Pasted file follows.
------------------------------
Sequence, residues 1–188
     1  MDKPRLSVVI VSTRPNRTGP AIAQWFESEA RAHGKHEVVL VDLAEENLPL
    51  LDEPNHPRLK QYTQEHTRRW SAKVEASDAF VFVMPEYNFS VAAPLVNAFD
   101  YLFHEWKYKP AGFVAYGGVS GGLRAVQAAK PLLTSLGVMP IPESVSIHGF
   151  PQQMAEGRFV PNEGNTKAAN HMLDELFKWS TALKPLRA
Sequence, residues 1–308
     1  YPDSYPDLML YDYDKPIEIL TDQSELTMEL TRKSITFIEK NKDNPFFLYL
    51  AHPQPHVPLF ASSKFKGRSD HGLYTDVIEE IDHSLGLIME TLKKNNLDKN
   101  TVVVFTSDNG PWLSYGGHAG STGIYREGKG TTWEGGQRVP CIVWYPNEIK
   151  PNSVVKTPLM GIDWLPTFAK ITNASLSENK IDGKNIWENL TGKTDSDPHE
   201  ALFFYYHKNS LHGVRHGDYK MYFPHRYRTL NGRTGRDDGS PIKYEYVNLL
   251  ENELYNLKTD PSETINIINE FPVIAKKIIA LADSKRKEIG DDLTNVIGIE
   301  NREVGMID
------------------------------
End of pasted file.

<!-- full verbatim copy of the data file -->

Sequence, residues 1–188
     1  MDKPRLSVVI VSTRPNRTGP AIAQWFESEA RAHGKHEVVL VDLAEENLPL
    51  LDEPNHPRLK QYTQEHTRRW SAKVEASDAF VFVMPEYNFS VAAPLVNAFD
   101  YLFHEWKYKP AGFVAYGGVS GGLRAVQAAK PLLTSLGVMP IPESVSIHGF
   151  PQQMAEGRFV PNEGNTKAAN HMLDELFKWS TALKPLRA
Sequence, residues 1–308
     1  YPDSYPDLML YDYDKPIEIL TDQSELTMEL TRKSITFIEK NKDNPFFLYL
    51  AHPQPHVPLF ASSKFKGRSD HGLYTDVIEE IDHSLGLIME TLKKNNLDKN
   101  TVVVFTSDNG PWLSYGGHAG STGIYREGKG TTWEGGQRVP CIVWYPNEIK
   151  PNSVVKTPLM GIDWLPTFAK ITNASLSENK IDGKNIWENL TGKTDSDPHE
   201  ALFFYYHKNS LHGVRHGDYK MYFPHRYRTL NGRTGRDDGS PIKYEYVNLL
   251  ENELYNLKTD PSETINIINE FPVIAKKIIA LADSKRKEIG DDLTNVIGIE
   301  NREVGMID